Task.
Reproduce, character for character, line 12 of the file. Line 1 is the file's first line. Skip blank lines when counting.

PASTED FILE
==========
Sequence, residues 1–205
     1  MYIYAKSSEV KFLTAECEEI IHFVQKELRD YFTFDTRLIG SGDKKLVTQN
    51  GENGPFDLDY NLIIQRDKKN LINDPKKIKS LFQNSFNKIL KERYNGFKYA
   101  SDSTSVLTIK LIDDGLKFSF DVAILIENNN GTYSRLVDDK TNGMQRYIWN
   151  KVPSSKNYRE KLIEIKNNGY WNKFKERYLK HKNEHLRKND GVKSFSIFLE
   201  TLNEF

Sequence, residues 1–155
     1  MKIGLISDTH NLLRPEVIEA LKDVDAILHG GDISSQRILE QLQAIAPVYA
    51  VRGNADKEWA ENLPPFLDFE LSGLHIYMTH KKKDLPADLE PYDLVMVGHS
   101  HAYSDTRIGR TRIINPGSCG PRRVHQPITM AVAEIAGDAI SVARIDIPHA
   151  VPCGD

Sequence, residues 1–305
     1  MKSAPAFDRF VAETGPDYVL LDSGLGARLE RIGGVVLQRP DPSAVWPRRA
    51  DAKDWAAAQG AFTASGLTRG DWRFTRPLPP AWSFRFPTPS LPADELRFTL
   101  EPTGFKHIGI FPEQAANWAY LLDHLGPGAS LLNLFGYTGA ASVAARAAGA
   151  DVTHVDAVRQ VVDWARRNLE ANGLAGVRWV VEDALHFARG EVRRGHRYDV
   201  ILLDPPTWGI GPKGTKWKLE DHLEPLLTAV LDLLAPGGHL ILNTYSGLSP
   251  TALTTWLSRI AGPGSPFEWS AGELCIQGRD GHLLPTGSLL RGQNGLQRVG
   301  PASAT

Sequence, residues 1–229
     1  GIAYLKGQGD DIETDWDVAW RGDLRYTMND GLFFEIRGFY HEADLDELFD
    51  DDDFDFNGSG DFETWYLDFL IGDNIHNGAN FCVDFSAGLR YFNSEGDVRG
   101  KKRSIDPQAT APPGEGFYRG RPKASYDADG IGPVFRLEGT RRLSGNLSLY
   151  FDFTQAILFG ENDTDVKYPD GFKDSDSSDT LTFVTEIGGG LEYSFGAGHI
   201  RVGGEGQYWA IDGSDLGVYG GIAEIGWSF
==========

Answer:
Sequence, residues 1–305